By Bruce Pannier
May 8, 2016
The groundbreaking ceremony for the Central Asia-South Asia electricity transmission project, known as CASA-1000, is scheduled for May 12 in the Tajik capital, Dushanbe.
The leaders of Afghanistan, Kyrgyzstan, and Pakistan are coming to join Tajik President Emomali Rahmon for the event.
Afghan President Ashraf Ghani and Pakistani Prime Minister Nawaz Sharif were just in Central Asia in December, in Turkmenistan, for the “inauguration” of the Turkmenistan-Afghanistan-Pakistan-India (TAPI) pipeline.
The two projects would be a significant financial benefit to exporters Kyrgyzstan, Tajikistan, and Turkmenistan and provide a much-needed boost to the power supplies in Afghanistan, Pakistan, and India.
However, despite governmental and popular support in these countries for the projects, TAPI and CASA-1000 face significant obstacles and, in the end, it’s possible neither will be realized.
To look at the two projects, what they mean for the region, and their chances for success, RFE/RL’s Turkmen Service, known locally as Azatlyk, conducted a Majlis, a panel discussion, to review the aims and possibilities of TAPI and CASA-1000.
Azatlyk Director Muhammad Tahir moderated the talk. From Glasgow, Dr. Luca Anceschi, professor of Central Asian studies at the University of Glasgow and one of the leading authorities on the TAPI project, participated. From New York, Casey Michel, author of many articles about Central Asia, including the recent report published in The Diplomat magazine – CASA-1000 Groundbreaking Planned for May — joined the discussion. In the studio in Prague we had Abubakr Siddique, author of the acclaimed book, The Pashtun Question, and also chief editor of RFE/RL’s Gandhara website, which is dedicated to Afghan and Pakistani affairs. I came up with a few comments also.
The CASA-1000 involves building a 1,222-kilometer power transmission line to carry some 1,300 MW of electricity from hydropower plants in Kyrgyzstan and Tajikistan into Afghanistan (300 MW) and on to Peshawar in Pakistan (1,000 MW). TAPI is supposed to bring some 33 billion cubic meters of gas annually along a pipeline some 1,735 kilometers long to Afghanistan, Pakistan, and India.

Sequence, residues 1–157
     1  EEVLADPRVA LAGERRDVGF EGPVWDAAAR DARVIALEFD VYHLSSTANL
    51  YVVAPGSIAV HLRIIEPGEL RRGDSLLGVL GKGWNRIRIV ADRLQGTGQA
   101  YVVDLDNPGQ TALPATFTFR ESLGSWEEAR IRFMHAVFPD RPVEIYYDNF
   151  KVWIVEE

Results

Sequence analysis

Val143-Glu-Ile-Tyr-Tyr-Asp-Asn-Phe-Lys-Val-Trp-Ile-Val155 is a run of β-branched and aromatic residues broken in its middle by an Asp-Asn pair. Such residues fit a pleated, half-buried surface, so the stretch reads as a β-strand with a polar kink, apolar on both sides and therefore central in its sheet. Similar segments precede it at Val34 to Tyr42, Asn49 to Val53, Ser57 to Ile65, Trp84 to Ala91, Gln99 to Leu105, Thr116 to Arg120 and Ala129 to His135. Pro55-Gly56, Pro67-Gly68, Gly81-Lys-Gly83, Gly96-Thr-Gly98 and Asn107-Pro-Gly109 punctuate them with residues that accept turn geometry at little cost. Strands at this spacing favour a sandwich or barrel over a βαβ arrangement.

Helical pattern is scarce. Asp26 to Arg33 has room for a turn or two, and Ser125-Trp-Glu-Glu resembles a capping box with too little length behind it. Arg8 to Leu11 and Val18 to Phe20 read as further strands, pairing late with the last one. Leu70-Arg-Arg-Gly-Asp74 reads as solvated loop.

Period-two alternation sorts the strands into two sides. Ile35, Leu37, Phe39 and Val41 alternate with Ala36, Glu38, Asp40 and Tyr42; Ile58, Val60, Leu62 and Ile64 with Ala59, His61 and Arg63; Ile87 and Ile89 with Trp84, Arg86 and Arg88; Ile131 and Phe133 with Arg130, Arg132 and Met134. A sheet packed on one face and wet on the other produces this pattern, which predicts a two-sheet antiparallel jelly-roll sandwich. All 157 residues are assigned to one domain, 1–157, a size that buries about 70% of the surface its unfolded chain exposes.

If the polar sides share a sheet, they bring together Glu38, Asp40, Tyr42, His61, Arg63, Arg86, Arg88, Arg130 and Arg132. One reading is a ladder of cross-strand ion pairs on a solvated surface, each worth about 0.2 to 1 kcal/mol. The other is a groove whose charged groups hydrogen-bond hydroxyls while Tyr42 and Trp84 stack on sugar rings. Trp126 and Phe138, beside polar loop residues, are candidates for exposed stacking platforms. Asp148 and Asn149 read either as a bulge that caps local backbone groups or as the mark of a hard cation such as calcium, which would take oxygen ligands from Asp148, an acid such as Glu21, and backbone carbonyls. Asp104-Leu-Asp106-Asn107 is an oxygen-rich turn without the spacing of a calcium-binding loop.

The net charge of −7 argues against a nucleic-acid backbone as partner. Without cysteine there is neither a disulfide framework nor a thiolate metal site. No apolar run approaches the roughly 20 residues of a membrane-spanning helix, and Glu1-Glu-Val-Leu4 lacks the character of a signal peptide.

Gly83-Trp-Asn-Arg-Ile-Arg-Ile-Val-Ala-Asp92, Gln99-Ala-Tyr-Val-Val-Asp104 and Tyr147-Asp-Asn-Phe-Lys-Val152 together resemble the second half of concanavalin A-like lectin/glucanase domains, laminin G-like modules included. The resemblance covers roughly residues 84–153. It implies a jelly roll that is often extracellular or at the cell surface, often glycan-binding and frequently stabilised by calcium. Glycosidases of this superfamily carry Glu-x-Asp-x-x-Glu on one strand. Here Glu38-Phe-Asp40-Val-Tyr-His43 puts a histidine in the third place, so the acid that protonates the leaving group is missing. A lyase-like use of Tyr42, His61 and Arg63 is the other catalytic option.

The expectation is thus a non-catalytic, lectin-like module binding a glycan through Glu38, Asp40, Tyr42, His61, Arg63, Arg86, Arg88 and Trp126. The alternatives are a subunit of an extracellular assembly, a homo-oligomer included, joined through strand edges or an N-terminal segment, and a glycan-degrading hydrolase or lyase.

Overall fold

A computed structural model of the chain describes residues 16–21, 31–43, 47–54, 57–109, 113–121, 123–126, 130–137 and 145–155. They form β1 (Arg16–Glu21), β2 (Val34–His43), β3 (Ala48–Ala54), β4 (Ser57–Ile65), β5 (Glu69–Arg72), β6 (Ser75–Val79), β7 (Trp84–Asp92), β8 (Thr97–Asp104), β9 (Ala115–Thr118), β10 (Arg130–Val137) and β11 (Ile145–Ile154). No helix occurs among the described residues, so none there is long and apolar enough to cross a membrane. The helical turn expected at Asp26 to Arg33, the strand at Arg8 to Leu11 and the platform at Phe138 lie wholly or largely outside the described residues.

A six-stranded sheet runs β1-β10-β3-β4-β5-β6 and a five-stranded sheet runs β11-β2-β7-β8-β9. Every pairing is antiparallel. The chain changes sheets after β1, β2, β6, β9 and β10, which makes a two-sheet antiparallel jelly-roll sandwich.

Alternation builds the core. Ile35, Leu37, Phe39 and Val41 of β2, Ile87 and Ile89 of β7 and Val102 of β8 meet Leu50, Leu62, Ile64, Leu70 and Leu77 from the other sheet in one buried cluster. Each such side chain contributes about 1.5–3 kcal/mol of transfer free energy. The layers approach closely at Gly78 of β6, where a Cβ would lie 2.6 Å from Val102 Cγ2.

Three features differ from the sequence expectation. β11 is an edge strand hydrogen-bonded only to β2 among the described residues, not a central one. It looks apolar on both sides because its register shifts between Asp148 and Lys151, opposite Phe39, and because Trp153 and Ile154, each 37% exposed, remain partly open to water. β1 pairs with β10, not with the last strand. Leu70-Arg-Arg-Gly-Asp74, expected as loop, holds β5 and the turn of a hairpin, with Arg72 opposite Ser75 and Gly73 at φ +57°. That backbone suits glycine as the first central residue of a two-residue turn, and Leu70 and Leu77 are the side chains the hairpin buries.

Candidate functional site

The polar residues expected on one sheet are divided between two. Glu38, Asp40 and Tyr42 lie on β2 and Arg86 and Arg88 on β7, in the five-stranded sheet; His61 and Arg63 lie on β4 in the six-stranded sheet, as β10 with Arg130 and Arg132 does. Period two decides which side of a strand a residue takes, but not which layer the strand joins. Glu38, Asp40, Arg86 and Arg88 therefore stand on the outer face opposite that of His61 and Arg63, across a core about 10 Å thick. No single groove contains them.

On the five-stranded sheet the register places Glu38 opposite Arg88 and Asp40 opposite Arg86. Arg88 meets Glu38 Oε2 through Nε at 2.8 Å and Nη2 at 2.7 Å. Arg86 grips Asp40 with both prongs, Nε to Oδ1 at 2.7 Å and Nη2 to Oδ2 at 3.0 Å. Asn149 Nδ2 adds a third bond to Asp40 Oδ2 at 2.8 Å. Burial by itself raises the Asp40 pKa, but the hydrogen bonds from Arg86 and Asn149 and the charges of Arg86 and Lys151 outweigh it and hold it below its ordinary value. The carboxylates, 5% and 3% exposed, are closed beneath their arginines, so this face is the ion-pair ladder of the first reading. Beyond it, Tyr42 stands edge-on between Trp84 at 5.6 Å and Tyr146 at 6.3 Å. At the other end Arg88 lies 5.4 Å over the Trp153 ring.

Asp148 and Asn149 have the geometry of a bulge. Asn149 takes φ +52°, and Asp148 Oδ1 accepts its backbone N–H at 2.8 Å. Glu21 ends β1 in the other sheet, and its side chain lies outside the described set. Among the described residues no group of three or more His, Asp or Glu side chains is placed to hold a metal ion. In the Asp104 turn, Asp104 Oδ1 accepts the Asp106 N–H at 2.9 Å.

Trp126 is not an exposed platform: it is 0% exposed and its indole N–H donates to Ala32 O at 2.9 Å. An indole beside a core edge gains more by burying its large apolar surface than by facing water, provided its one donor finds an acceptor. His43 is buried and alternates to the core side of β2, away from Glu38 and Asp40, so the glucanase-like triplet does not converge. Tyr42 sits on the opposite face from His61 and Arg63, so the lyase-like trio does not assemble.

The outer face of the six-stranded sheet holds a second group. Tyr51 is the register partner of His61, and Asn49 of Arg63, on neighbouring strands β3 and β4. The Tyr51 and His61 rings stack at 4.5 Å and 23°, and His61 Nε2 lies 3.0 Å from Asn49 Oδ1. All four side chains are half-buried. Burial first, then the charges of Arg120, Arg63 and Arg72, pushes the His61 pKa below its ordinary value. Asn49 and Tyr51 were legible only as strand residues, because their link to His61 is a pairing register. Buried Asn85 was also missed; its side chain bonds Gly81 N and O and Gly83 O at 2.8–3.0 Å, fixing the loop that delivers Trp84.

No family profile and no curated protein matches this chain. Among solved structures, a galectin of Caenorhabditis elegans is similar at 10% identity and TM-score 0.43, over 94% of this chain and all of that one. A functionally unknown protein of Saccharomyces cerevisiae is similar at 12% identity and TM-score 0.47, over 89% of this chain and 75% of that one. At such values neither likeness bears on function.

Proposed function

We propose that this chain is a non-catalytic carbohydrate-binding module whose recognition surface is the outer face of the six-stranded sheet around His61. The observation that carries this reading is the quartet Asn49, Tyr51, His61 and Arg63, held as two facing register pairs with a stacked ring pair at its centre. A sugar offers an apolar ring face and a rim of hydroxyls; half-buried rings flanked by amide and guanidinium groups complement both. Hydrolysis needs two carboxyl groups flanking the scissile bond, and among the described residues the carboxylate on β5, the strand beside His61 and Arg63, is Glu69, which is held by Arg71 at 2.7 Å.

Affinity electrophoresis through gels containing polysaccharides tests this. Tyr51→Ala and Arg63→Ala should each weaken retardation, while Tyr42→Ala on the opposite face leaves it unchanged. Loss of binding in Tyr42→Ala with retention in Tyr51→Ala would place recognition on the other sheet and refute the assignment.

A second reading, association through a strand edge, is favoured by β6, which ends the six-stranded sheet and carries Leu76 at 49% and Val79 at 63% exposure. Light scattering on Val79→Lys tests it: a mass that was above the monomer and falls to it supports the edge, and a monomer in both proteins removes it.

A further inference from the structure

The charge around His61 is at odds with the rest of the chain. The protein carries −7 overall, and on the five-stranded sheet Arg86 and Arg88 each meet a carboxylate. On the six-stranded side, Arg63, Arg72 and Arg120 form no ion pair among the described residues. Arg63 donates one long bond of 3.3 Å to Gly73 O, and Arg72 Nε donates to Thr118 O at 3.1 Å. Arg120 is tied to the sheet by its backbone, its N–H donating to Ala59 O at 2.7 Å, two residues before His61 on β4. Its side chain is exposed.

Speaking about what CASA-1000 would mean for the importers, Siddique recalled, “We have seen in the past few years that Pakistan has really suffered because of chronic electricity shortages.” The result of that, Siddique said, is “a lot of industries closed, a lot of rioting…there were just [recently] protests in Peshawar and other cities because of power cuts.”
Siddique said besides bringing needed electricity to Afghanistan, CASA-1000 is “very important because it establishes Afghanistan’s status as a main transit country between Central Asia and South Asia.”
TAPI would help Afghanistan cement a role as a transit country. But it is the instability in Afghanistan that is often given as the primary reason neither TAPI nor CASA-1000 are possible. The panel discussed growing instability in Afghanistan in the areas along the two projects’ routes.
But there are other problems, further upstream.
Financing, in the case of CASA-1000, is not an issue. Michel explained the project has “finances from Washington, London, and the World Bank” and at a cost of “a little over $1 billion right now, it’s not nearly as expensive as TAPI is.”
TAPI does cost more, as Anceschi said. “It’s going to be a very expensive proposition, talking about $10 billion, [and] we know that there is not a commercial champion coming from the Western world.”
No major financial organization or any individual country has shown an interest in providing the large funding needed for TAPI, or for operating the project.